President Alassane Ouattara said Ivory Coast aims to produce half of the world’s cocoa by 2020 and that he won’t make the mistake of overwhelming the nation with debt to sustain growth like other nations in Africa. He said one of his priorities for the next five years is to increase domestic processing of its biggest exports, cocoa and cashew nuts. Ivory Coast is also the largest African exporter of bananas.
“I want to work on transforming the Ivorian economy,” he said “We’re an agricultural economy, but we need to step up processing of our crops and even move toward industrialization. We will continue to boost our production, there is no limit and I hope we can surpass 50% of global production in 2020 while continuing to improve the quality.” Ouattara, 73, said in an interview in his office in Abidjan, the commercial capital, on Wednesday following his landslide re-election last month.
“It’s the first time in a quarter of a century that we have had no violence during an election,” Ouattara said. “That means that we’ve turned the page of the 2010 crisis and now we can focus on what’s really important: improving the daily life of Ivorians.”
The nation’s share of global output will rise from about 45% now, Ouattara said. Ivory Coast is the world’s largest producer of cocoa and had a record crop of about 1.8 million tons in the 2014-2015 seasons. Since 2011, the government has guaranteed cocoa farmers a minimum price for their harvest and raised the minimum wage for other workers to 60,000 CFA francs ($98) from 36,000 francs.
The economy is forecast to expand by as much as 9% annually through 2020, a pace that is more than twice as fast as the average in sub-Saharan Africa, driven by household consumption, investment and exports as commodity-rich nations on the continent are slashing budgets and trying to raise money on the debt markets to plug revenue gaps from falling prices for exports such as oil and copper. The debt to gross domestic product (GDP) The ratio will be 40% to 50% from about 43%, he said, promising to raise as much as 20 trillion francs in public and private investment through 2020 to fund development projects.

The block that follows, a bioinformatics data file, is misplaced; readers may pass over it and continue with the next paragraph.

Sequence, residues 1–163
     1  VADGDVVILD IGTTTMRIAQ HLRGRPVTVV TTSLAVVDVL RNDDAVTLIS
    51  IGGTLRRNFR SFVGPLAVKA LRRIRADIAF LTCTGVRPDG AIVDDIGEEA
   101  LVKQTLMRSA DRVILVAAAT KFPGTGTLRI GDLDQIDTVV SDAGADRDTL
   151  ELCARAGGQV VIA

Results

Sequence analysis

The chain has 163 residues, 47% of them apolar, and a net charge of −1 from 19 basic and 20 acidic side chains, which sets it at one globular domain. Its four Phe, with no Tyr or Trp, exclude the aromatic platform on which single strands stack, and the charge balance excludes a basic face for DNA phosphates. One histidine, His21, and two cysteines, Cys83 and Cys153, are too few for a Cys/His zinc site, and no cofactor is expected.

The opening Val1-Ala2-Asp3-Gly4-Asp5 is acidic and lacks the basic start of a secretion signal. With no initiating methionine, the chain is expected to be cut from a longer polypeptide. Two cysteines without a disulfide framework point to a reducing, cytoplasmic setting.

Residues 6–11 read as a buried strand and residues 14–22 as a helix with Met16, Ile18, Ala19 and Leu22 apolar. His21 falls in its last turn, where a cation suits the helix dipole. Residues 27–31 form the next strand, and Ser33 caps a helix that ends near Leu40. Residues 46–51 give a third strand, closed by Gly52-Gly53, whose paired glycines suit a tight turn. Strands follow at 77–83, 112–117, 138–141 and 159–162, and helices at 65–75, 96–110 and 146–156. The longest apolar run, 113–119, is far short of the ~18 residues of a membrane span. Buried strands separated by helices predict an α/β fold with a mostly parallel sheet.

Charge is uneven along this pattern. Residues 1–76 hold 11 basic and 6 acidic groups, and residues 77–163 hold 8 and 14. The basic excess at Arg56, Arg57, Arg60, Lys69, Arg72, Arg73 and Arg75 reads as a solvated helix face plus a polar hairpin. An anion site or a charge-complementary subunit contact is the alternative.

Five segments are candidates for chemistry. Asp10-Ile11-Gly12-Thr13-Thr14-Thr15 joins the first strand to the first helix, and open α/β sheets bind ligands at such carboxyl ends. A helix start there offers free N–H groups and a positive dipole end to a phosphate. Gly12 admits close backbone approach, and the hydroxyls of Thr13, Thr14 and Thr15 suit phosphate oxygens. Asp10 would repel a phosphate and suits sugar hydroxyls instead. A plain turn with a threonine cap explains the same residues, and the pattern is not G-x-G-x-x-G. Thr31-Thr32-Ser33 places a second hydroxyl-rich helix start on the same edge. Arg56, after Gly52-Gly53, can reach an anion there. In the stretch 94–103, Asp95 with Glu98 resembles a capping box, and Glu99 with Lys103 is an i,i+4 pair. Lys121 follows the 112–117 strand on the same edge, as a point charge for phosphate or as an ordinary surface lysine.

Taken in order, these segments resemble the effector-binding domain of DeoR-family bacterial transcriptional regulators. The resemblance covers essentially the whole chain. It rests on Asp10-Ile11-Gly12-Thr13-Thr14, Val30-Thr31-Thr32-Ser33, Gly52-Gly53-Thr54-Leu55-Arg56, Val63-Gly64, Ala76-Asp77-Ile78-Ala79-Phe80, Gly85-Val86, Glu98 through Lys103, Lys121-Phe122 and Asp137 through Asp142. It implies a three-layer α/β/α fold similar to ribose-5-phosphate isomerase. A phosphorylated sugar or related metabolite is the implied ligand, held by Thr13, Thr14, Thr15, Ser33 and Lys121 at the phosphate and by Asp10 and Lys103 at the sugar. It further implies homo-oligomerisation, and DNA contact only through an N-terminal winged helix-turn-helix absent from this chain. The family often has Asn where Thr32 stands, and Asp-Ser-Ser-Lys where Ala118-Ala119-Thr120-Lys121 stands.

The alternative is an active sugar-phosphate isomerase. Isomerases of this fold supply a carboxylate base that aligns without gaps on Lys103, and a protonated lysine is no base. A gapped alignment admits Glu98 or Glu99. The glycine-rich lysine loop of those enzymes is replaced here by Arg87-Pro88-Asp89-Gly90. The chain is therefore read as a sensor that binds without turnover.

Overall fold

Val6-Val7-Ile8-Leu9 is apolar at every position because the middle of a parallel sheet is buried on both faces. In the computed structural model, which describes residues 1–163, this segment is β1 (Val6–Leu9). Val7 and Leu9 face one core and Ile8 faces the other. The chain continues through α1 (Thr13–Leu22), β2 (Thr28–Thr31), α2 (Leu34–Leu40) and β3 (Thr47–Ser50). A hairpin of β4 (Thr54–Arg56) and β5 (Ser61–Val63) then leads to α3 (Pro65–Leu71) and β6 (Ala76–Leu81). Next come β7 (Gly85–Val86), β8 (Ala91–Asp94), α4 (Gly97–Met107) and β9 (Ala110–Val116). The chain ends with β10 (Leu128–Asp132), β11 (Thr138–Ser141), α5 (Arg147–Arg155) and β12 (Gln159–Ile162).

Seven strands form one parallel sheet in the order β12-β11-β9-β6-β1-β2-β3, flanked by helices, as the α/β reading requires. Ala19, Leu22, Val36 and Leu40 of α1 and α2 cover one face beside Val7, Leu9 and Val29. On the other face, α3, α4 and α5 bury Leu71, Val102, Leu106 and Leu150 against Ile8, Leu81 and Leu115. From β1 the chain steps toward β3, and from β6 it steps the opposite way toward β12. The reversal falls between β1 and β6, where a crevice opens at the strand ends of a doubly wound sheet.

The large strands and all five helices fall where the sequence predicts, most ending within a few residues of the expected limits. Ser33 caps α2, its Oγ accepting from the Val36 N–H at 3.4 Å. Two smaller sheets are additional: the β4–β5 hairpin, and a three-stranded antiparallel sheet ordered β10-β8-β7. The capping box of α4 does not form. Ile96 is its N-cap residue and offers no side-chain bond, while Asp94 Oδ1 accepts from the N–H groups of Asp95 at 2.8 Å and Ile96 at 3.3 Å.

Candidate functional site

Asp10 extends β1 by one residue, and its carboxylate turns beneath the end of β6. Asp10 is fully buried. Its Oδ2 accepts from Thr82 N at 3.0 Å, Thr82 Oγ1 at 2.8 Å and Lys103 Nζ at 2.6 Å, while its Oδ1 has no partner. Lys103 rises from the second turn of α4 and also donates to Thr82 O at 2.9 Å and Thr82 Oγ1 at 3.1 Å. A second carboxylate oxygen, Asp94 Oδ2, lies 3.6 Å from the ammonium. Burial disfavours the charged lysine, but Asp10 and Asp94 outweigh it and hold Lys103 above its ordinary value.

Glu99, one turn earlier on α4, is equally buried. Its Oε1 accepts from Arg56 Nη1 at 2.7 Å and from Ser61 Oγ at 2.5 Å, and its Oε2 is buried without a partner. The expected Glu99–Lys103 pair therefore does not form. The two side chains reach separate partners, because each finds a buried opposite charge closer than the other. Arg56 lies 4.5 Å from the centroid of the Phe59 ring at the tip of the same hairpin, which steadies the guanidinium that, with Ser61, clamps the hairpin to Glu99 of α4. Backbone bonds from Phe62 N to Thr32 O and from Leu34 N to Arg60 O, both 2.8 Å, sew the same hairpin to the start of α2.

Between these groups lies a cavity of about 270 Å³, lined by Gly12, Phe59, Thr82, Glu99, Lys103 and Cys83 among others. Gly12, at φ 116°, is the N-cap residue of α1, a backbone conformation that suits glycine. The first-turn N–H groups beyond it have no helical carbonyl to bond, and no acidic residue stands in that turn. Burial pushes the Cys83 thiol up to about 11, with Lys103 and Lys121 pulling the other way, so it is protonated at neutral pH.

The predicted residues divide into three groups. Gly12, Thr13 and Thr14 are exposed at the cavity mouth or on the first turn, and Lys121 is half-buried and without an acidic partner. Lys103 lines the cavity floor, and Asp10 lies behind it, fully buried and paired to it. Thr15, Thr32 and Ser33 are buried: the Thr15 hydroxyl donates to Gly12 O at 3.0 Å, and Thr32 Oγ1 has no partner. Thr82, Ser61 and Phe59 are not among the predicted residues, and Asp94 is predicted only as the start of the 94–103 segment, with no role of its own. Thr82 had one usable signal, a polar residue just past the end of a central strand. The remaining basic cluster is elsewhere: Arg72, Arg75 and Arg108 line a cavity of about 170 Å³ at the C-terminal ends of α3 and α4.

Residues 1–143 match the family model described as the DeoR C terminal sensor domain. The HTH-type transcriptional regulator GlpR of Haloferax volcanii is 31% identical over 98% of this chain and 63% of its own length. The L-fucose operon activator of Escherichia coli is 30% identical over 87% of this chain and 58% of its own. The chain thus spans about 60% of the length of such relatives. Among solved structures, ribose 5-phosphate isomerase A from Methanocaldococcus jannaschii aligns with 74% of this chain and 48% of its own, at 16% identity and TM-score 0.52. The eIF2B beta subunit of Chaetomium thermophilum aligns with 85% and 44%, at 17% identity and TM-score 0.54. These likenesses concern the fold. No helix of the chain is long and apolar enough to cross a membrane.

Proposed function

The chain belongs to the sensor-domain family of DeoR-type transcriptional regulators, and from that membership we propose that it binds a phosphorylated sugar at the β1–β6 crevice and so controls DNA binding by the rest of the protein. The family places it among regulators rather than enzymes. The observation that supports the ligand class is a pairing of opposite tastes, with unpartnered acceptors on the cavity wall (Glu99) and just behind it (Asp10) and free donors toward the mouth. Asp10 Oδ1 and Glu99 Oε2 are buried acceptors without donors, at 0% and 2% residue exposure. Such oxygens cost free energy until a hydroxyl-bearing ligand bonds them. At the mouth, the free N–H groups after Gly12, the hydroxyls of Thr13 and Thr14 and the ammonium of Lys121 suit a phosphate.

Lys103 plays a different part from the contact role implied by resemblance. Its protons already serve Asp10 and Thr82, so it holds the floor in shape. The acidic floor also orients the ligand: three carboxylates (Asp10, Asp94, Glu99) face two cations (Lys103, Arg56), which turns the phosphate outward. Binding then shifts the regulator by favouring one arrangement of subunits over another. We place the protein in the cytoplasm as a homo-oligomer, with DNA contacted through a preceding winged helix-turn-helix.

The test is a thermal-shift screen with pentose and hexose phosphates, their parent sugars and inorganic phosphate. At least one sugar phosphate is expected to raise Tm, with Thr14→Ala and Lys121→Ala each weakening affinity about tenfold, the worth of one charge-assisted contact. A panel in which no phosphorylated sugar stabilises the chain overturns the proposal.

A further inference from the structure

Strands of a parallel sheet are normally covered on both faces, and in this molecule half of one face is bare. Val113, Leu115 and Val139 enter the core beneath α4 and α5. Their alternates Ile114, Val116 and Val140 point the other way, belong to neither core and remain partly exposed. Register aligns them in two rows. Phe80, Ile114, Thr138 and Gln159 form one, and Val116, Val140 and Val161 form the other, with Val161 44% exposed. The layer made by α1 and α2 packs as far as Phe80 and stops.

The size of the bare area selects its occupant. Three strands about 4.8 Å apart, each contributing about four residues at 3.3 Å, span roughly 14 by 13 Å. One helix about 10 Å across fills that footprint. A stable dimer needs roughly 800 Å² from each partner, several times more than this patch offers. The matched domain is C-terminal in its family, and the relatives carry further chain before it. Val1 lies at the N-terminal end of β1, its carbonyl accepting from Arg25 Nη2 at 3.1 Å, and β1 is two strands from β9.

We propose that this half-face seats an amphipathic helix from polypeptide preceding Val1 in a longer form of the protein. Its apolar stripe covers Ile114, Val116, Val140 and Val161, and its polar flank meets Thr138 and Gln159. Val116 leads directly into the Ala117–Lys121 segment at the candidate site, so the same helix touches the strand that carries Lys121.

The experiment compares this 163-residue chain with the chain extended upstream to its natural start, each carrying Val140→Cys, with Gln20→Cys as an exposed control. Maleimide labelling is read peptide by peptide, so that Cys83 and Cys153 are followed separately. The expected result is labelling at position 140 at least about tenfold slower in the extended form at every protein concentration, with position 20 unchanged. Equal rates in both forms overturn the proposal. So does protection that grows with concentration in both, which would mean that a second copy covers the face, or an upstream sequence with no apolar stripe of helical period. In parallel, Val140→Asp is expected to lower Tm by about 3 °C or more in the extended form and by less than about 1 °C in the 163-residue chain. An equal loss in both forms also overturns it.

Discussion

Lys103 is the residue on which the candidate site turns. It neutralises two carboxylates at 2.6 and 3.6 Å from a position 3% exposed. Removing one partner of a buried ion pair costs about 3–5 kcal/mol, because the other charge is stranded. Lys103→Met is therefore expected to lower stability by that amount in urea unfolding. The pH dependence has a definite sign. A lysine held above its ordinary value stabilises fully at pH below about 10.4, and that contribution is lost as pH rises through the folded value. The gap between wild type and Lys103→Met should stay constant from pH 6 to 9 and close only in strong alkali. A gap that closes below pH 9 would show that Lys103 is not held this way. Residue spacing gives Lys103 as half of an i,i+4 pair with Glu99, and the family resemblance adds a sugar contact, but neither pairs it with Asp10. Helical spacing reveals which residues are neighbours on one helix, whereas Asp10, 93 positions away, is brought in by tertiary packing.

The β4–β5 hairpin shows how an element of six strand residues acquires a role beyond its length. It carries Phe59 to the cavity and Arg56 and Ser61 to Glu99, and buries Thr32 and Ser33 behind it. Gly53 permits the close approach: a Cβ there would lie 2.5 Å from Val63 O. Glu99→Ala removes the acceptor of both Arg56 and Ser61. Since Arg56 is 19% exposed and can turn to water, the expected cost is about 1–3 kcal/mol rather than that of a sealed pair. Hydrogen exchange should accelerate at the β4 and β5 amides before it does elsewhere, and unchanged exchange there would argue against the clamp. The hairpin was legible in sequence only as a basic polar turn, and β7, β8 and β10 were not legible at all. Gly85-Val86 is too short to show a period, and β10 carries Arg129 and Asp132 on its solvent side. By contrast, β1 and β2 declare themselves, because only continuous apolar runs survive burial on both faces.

“We’ve become very efficient in mobilizing foreign resources, and we will do that while maintaining the debt to GDP ratio,” he said. “We don’t want to overload Ivory Coast with debt.”
Ivory Coast (Côte D’Ivoire) leads the world in the production and export of the cocoa beans used in the manufacture of chocolate, as of 2012, supplying 33% of cocoa produced in the world. West Africa collectively supplies two-thirds of the world’s cocoa crop, with Ivory Coast leading production at 1.65 million tons, and nearby Ghana, Nigeria, Cameroon and Togo produce additional 1.55 million tons. Ivory Coast overtook Ghana as the world’s leading producer of cocoa beans in 1978.
The primary non-African competitor of Ivory Coast is Indonesia, which went from having almost nonexistent domestic cocoa industry in the 1970s to becoming one of the largest producers in the market by the early 2000s. According to the UN FAO, Indonesia overtook Ghana and became the second-largest producer worldwide in 2006. Large chocolate producers such as Cadbury, Hershey’s, and Nestle buy Ivorian cocoa futures and options through EuroNext whereby world prices are set.